Forgotten, 2010

Memory. It is here we search for certain truths upon which we structure an understanding of who we are. It represents a personal database of events and experiences indelibly linking our psyche to the society in which we live. But somewhere in this dynamic we must account for mountains of seemingly important information, bombarding us in a surgical blitzkrieg that is the media; a media generating myth, archiving uncontrollably into memory. It is within this cataclysm where Scarbrough's work so often resides.

Forgotten is an exhibition about the tragic coincidence of two events in New York City, both ripe with their own subset of unique coincidences. This complex labyrinth of information was available to the audience through an interactive Flash based interface allowing the audience to access a 25 minute video, images, and other supporting contextual content. Together with an eerie presentation of prints the installation offered up a narrative pushed aside in the wake of one of the world's most iconic catastrophes.

Coincidence is an interesting thing, most of the time going unnoticed. It may be as benign as finding yourself behind the same car in the same stretch of traffic at the same time of day on sequential mornings. Or, it could be as consequential as Hurricane Katrina sweeping across the Gulf Coast of the United States to the day of Israel removing its last settlers from an area of the Gaza Strip under heavy pressure from the Bush Administration (some Fundamentalist Christians and Jews believe this to be proof of God's wrath upon any nation that crosses his chosen people as prophesied in Genesis 12:3. *).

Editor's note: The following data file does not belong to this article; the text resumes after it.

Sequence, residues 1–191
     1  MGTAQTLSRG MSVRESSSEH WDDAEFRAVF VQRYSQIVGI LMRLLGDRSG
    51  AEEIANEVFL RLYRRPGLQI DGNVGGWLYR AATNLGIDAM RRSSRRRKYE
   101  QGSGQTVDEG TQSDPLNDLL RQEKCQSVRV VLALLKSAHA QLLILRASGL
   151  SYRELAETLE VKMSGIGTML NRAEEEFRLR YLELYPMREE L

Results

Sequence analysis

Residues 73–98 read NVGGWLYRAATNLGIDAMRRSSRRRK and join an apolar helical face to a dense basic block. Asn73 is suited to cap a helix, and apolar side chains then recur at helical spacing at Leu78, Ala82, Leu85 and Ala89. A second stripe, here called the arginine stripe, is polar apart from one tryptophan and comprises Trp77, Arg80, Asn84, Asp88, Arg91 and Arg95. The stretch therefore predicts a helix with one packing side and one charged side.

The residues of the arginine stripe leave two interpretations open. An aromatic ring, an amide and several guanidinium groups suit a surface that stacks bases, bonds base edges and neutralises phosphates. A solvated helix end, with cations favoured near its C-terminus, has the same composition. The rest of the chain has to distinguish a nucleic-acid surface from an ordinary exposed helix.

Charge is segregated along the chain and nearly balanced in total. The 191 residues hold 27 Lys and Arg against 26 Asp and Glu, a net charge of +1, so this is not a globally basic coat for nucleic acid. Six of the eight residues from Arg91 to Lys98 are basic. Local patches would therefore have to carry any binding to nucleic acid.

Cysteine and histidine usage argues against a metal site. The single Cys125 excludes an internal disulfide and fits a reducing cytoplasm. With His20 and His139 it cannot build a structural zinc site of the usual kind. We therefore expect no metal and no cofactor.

You cannot seek coincidences you can only stumble upon on them. They suddenly appear and just as soon are gone. We find ourselves in the right place at the right time, see what we see, pause for a moment and move on with our day. But sometimes, just once in a great while, they are so monumental that books are written, stories are told, as we stand in awe as fate would have its way.

This is the tragic story of nine individuals left behind in the wake of September 11, 2001, a story of the homeless who snuck into the bellies of two outmoded gas towers during the night in Greenpoint, Brooklyn, New York, marked for explosive demolition, ironically in the early morning hours of 9/11, before. By the time the first plane hit the World Trade Center, these people were tossed into station libraries of Digi-Beta tape, archived forever in the television chaos that followed. William Scarbrough watched both events in real time and on T.V.